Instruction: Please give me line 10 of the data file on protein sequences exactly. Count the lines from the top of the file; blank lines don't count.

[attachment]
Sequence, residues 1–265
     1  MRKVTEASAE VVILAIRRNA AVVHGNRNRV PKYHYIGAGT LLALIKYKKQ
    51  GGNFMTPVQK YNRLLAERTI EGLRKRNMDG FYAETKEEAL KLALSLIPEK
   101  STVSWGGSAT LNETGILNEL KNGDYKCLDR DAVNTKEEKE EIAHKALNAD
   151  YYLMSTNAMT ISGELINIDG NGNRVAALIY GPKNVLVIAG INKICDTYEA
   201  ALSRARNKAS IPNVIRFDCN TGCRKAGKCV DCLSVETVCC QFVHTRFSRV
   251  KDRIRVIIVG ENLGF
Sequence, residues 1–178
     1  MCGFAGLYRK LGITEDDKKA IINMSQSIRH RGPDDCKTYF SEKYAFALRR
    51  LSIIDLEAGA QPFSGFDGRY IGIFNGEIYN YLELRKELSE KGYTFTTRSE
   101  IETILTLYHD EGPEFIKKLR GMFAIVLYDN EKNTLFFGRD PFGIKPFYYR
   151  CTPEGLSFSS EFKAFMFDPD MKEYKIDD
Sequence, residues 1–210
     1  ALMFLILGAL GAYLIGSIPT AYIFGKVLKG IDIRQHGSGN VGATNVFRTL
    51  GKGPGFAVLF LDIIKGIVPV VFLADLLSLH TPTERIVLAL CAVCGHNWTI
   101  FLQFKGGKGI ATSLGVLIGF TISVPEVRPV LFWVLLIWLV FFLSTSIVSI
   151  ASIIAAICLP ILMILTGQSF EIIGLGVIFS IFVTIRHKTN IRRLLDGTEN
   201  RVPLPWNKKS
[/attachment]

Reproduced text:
    51  LSIIDLEAGA QPFSGFDGRY IGIFNGEIYN YLELRKELSE KGYTFTTRSE